Airline in-flight food has been on my mind of late. I’m lucky enough to have some overseas trips coming up later this year, including some long-haul flights, which means I’ll be staring down those little foil-wrapped trays and their sometimes questionable contents. While The Husband and son both devour anything put in front of them and both profess a distinct fondness for it, I’m not a fan of airline food at all. I’ve never had a bread roll in a plane that approached anything like an edible state and the frequently overheated concoctions resting under the foil lids seem to all taste the same to me.
The quality and taste of in-flight food is something of a vexed issue for airlines – and not just because of the limitations they face in relation to economics, storage space and reheating options. The combination of altitude, low humidity, pressurised cabins and the impact upon our other senses of the ambient noise and vibrations in a plane all impact on our sense of taste. In fact we can lose approximately 30% of our ability to taste when in flight. The lack of moisture in the atmosphere causes drying of the mouth resulting in that nasty “cotton-mouth” feeling and our sense of taste is so dulled that food may taste as if it has up to 20% less salt and sugar than it actually does. To make up for this, many airlines over-salt and over-sugar their food, but because we all taste these flavours in different measure the results of this are going to be pretty variable.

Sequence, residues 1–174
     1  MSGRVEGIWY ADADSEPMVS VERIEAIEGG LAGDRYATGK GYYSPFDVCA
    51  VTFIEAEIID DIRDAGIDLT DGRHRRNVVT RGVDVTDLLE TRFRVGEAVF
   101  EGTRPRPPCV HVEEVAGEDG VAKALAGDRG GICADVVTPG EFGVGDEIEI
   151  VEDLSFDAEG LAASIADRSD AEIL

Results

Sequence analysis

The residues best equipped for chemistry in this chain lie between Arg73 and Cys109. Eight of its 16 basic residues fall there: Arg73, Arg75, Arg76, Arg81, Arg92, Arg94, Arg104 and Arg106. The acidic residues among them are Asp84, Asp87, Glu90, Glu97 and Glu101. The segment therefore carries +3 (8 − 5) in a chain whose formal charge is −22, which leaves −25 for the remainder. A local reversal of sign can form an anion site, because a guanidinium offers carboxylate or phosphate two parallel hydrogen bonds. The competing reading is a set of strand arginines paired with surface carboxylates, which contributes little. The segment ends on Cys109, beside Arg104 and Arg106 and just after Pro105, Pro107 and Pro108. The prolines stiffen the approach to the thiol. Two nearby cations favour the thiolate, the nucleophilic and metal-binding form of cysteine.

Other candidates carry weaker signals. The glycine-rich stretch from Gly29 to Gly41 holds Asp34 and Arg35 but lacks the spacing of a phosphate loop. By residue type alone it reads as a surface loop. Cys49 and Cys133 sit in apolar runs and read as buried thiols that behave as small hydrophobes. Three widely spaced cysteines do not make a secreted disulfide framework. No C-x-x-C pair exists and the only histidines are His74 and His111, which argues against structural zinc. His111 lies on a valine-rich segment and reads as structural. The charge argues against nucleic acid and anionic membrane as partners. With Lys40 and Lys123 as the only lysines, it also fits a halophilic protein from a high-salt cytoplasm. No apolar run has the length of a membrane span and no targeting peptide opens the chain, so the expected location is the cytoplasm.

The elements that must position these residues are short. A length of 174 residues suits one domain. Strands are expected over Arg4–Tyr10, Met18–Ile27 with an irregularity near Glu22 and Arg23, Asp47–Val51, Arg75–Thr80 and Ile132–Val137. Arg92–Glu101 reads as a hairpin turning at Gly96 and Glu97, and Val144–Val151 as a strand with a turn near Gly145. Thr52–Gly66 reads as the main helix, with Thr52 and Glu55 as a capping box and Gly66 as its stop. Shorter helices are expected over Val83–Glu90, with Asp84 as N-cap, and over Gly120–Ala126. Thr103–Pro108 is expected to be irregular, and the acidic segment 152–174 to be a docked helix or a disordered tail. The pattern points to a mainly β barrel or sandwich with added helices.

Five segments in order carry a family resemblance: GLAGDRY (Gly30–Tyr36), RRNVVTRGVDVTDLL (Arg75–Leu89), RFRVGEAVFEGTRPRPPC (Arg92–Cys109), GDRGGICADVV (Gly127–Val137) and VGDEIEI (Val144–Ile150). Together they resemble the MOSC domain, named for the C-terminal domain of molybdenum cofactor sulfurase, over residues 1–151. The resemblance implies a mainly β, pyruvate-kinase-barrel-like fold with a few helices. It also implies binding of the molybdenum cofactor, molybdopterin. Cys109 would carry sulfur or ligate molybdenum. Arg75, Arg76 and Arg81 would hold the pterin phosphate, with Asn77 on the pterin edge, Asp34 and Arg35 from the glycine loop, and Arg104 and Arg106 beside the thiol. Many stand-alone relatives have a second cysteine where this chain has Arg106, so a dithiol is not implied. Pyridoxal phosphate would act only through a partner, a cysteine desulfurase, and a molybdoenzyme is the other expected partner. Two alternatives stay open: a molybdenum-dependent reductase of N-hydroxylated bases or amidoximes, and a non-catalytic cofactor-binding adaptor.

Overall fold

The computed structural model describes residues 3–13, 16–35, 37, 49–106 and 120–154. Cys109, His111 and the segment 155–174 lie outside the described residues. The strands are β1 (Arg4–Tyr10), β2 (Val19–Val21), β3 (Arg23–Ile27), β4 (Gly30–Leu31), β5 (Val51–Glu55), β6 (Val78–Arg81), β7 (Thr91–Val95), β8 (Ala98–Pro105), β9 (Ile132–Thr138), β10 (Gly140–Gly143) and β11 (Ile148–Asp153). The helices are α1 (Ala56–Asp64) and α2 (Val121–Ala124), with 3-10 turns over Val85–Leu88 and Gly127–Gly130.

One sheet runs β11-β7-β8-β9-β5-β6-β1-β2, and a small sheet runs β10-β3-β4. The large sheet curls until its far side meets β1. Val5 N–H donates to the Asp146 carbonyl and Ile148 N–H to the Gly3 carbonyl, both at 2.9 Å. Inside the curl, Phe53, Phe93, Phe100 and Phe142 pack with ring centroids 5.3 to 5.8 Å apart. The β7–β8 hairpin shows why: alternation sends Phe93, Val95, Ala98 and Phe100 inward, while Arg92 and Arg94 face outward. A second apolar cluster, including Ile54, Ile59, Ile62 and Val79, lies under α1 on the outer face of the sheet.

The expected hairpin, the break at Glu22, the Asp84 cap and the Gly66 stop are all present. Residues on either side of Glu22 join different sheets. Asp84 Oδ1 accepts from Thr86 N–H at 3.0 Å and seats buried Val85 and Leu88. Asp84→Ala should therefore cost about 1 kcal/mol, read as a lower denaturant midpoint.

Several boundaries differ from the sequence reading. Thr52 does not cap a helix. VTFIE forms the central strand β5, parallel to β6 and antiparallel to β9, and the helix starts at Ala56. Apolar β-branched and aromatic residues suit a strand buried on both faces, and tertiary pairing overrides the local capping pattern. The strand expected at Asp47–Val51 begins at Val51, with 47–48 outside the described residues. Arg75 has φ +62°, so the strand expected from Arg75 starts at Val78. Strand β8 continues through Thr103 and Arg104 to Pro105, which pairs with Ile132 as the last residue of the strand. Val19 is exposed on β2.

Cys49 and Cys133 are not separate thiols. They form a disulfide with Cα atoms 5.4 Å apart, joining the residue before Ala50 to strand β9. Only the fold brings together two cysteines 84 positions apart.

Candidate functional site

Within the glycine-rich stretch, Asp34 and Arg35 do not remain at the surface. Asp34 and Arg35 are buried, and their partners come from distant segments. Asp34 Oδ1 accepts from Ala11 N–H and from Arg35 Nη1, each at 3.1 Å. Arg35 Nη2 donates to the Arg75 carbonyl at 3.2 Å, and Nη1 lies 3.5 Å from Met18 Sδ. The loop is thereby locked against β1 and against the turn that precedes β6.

Airlines around the world have been tackling these problems for some time now – hence the sea of famous chef faces bobbing up on airline ads. Heston Blumenthal, Joel Rubichon and Neil Perry are names that appear on some dishes, but most of their efforts are focused on the customers in the pointy end of the plane. Having said that, improved technology in the appliances used to chill and reheat the prepared meals have meant that even dinner being served to those of us to the right of the entrance door may not be the dismal affair it once was.
The problem of dulled taste becomes especially hairy when selecting and serving wine on planes. Those who get to turn left at the door, into the spacious, hushed and golden Business or *gasp* First class sections still face these same problems as those of us down the back in steerage. The food served in these zones will be prepared more attentively and lovingly, but your favourite tipple of red – or more particularly white – wine is not going to taste as splendid as you might expect. To counteract this, airline wine consultants seek out wines with more intense flavours and richer, fruitier bouquets.
The current surge in the popularity of cooking shows and food in general means that many airline passengers have greater expectations when it comes to their meals, particularly on those pesky long-haul flights when a meal breaks up the boredom and distracts one from the discomfort of being strapped into an area roughly the size of a biscuit tin. Airlines are painfully aware of this and are taking their food service much more seriously in these days of fierce competition for bums on seats. When prices are cut to the bone and often close in comparison, a reputation for quality of food becomes a real point of difference. As a passenger, there’s not too much that you can do to improve your dining experience given the atmospheric conditions in a plane so my only advice would be to taste your food first, then season liberally and stay hydrated by drinking plenty of water. That’s what I’ll be doing.